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Particulate matter in the amniotic fluid (AF) is present in about 4% of pregnancies during transvaginal ultrasound in the first and early second trimester1. The prevalence of this sonographic finding increases with gestational age, reaching 88% by 35 weeks2. Particulate matter in the first two trimesters of pregnancy has been associated with intra-amniotic bleeding3, 4 and the acrania–anencephaly sequence5, 6, and has been observed in women with high concentrations of maternal serum alpha-fetoprotein7. In contrast, in the last trimester of pregnancy, particulate matter and ‘echogenic amniotic fluid’ have been attributed to the presence of vernix caseosa and/or meconium8–11, and with a lecithin : sphingomyelin ratio indicative of lung maturity12, 13. Congenital anomalies associated with particulate matter in the AF include harlequin ichthyosis14 and epidermolysis bullosa letalis15.
Dense aggregates of particulate matter giving the ultrasound appearance of AF ‘sludge’ are frequently seen, in the proximity of the internal cervical os, in patients with preterm labor and intact membranes. However, the prevalence and clinical significance of this ultrasound finding have not been determined.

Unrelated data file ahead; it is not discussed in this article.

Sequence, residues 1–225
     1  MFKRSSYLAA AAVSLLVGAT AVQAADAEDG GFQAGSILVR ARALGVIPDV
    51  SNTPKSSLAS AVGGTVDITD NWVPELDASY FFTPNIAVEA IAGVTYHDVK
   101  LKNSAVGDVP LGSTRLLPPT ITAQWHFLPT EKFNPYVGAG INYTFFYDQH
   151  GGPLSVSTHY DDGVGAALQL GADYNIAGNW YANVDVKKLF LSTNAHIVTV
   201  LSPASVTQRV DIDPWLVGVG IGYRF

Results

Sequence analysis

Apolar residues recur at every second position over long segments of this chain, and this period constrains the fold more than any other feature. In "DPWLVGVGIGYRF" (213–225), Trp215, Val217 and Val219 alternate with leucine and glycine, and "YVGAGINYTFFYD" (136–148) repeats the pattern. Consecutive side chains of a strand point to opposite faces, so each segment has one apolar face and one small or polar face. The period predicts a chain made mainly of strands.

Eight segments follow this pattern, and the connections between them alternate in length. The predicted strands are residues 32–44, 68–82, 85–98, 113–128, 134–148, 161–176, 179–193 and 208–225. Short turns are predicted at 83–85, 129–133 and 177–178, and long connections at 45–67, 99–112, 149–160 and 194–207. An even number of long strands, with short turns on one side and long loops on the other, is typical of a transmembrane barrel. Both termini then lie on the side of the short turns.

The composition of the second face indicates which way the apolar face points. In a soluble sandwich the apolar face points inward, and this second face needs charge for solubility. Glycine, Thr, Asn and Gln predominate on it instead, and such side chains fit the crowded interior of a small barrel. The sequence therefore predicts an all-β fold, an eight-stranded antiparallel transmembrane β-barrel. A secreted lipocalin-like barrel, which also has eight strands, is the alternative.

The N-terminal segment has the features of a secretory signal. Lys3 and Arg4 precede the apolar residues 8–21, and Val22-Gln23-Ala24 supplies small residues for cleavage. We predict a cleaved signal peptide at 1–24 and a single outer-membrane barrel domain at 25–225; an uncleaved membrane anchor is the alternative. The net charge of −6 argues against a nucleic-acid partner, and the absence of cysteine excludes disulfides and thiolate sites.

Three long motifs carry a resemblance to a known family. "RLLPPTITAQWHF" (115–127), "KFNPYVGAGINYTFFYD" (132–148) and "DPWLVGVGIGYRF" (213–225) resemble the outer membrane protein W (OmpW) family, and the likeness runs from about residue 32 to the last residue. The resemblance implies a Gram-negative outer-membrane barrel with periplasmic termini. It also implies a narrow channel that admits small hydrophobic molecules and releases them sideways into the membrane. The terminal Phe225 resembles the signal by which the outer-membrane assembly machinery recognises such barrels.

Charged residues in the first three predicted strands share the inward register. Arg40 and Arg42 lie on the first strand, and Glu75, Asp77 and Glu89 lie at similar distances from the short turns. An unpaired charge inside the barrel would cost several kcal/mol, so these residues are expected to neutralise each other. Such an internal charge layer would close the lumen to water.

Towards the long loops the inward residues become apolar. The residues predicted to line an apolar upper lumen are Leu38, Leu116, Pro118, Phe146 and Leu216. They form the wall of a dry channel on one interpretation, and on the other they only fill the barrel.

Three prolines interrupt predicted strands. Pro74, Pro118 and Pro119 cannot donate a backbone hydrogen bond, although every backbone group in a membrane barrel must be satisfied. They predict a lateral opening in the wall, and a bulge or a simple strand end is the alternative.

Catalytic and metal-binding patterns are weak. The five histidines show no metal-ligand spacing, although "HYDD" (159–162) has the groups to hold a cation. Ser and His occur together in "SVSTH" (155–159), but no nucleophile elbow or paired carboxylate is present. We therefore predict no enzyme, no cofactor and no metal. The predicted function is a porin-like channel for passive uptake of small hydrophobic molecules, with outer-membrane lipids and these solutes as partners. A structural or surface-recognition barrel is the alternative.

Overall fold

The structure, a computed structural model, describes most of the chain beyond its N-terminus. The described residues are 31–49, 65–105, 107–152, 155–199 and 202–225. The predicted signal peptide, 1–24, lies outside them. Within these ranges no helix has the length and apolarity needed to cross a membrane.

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Our results indicate that AF ‘sludge’ during transvaginal examination of the cervix is present in 22.6% of patients with preterm labor and intact membranes, and is a risk factor for MIAC, histological chorioamnionitis and impending preterm delivery.
Aggregates of hyperechogenic particulate matter in the gallbladder of adult patients have been described as biliary ‘sludge’18, 19. This sonographic finding is characterized by the presence of low-level echoes that layer in the dependent portion of the gallbladder without acoustic shadowing19, and is associated with ascending microbial invasion of the gallbladder20. Indeed, biliary ‘sludge’ is considered a risk factor for positive bile cultures obtained by percutaneous aspiration of the gallbladder21. Moreover, the presence of bacterial biofilms in the gallbladder has been proposed to be a key event in the formation of biliary ‘sludge’22.
Microbial invasion of the amniotic cavity is generally prevented by components of the innate and adaptive immune system, including the cervical epithelium23 and mucus plug24–27, chorioamniotic membranes28, 29 and cells of the decidua, amnion and chorion, including neutrophils, macrophages, natural killer cells and throphoblast30, 31. However, the integrity of the chorioamniotic membranes is not sufficient to prevent MIAC. Indeed, micro-organisms have been isolated from the AF of asymptomatic patients at the time of genetic amniocentesis32–34 in 12.8% (379/2963)35 of patients with preterm labor and intact membranes and in 18.8% (17/90)36 of patients in labor at term. Thus, these micro-organisms can penetrate intact membranes37.